Yoga nidra might treat sleep disorders

This style of yoga has been found to be effective for insomnia. Dr. Shanthi believes in identifying the trigger factor for insomnia and addressing it through a yoga nidra practice. She guides her clients into a deep state of relaxation and slowly helps them traverse back to a conscious state. 

Sleepless woman suffering from insomnia, sleep apnea or stress. Tired and exhausted lady. Headache or migraine. Awake in the middle of the night. Frustrated person with problem. Alarm clock with time.
Yoga nidra can be an effective treatment for insomnia. It can also reduce stress and improve hypertension, mood and cognition.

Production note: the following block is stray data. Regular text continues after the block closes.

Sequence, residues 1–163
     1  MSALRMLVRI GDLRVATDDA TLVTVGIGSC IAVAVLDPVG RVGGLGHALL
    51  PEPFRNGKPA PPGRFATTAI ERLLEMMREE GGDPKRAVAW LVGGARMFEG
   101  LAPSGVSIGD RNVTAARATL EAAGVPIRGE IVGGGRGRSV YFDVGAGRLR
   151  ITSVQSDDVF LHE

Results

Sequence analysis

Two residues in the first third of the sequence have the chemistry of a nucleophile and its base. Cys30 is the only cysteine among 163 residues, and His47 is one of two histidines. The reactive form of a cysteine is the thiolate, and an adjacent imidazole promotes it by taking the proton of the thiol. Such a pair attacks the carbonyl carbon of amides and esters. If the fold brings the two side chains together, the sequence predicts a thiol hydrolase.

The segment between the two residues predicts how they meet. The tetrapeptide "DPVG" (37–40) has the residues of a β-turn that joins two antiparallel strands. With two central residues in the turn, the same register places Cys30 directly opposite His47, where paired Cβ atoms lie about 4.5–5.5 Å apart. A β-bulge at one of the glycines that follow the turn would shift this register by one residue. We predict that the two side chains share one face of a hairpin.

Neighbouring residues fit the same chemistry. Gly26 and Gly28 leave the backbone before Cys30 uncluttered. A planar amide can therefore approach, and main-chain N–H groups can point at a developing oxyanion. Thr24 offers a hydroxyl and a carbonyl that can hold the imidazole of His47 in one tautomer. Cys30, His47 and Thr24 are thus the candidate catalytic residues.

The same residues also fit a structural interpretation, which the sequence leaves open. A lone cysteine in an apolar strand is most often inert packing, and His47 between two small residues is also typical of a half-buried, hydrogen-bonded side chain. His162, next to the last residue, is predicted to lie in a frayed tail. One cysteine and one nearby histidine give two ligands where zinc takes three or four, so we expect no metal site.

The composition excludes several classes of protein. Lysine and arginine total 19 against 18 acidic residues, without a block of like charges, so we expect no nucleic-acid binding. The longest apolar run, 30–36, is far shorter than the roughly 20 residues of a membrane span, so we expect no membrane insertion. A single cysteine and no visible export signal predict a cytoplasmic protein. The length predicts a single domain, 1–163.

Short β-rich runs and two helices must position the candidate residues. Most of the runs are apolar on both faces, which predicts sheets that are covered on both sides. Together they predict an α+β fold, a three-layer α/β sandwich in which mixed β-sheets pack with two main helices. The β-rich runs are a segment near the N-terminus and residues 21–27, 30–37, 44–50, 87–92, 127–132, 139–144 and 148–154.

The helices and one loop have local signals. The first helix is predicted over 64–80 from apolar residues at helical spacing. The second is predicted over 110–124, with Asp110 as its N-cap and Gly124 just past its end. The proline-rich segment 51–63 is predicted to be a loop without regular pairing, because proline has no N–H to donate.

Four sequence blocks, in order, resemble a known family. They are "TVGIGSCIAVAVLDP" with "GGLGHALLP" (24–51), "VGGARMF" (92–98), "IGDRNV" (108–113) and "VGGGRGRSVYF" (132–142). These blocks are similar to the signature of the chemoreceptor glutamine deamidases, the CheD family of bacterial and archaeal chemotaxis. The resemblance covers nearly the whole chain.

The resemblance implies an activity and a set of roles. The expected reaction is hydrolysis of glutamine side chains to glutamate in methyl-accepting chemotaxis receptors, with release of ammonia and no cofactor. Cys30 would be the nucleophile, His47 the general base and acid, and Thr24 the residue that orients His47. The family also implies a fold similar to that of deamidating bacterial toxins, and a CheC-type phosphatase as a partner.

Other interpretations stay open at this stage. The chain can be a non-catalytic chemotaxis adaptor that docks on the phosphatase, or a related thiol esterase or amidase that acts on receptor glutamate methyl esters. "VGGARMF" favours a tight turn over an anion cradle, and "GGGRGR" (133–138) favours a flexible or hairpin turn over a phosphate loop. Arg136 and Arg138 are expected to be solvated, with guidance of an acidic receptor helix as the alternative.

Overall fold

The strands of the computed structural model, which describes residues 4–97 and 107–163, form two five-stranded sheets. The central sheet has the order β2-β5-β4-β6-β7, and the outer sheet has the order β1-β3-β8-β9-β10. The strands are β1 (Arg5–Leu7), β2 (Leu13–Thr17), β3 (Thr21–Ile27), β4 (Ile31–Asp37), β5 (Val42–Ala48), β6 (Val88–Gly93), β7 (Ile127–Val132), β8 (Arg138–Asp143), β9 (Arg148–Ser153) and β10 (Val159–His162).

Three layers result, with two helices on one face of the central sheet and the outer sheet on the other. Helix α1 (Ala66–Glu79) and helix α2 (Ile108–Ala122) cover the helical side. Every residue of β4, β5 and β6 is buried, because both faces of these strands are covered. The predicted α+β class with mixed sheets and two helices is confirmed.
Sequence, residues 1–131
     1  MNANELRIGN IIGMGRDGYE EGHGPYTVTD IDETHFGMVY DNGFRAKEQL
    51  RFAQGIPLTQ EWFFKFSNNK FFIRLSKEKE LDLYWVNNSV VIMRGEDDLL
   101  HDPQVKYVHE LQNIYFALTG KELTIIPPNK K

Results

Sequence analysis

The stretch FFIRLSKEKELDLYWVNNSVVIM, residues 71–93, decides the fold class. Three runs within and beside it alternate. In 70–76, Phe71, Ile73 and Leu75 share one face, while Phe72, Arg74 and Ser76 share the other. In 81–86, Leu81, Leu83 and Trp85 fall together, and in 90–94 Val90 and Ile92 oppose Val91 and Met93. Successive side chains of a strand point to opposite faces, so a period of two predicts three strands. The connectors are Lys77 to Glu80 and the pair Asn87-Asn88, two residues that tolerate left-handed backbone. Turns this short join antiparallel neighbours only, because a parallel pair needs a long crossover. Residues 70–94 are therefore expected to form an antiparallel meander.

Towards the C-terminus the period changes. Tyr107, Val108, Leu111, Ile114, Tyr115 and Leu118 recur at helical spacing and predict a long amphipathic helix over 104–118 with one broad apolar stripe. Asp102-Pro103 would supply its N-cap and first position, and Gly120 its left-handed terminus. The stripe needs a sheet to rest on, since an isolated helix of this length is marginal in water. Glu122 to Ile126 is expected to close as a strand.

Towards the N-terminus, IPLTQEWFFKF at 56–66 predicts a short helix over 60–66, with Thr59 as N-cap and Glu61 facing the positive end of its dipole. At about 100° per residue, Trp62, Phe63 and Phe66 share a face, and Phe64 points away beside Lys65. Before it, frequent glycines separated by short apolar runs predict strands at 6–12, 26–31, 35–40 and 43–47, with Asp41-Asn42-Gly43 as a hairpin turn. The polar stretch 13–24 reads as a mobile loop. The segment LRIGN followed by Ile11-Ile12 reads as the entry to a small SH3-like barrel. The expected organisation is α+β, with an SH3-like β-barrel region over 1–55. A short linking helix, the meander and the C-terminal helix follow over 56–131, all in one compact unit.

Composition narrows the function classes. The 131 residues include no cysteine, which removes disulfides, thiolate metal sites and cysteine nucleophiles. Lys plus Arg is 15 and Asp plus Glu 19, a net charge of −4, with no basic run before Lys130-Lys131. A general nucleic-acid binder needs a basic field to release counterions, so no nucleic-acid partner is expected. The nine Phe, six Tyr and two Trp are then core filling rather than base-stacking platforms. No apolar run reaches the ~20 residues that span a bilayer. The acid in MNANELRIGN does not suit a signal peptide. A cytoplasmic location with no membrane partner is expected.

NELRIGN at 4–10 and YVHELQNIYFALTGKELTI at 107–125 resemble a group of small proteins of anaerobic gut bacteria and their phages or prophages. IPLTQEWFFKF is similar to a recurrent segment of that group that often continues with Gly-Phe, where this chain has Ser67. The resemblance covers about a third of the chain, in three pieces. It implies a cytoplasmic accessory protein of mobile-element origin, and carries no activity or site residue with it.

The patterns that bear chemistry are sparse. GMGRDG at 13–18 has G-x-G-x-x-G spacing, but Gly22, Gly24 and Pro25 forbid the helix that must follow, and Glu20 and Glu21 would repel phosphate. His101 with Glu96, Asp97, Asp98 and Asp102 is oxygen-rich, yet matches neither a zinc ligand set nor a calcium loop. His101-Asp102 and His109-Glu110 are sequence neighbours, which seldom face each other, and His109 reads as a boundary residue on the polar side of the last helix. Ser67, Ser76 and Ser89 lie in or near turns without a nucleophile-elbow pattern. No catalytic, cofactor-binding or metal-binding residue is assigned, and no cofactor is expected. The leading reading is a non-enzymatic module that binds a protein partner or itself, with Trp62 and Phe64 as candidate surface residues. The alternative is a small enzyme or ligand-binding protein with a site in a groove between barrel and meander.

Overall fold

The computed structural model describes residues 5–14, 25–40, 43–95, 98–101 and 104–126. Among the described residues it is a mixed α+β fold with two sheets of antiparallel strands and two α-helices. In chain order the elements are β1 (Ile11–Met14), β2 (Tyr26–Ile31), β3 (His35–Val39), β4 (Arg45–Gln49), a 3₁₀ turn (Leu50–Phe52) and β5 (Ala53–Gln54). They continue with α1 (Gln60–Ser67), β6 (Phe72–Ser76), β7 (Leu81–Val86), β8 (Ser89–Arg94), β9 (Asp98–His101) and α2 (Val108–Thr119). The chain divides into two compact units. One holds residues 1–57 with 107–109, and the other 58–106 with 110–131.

Yoga nidra benefits health and well-being 

Dr. Shanthi says yoga nidra is more than a physical healer as it focuses on mental and spiritual health. Neuroimaging studies have shown that our central nervous system responds positively to yoga nidra and helps combat mild depression and anxiety.  Combining it with conventional medical treatment for depression improves the outcomes. Regular practice of yoga nidra improves blood glucose levels, reduces headaches and improves menstrual disorders, hypertension and diabetes. Even if you are already healthy, yoga nidra can reduce stress and improve mood and cognition.

The four stages of Yoga Nidra 

As you start practicing yoga nidra, the electrical activity in your brain will gradually slow down and traverse from operating in high-level beta waves, which reflect the most awakened state, down to delta waves where you experience the deepest sleep.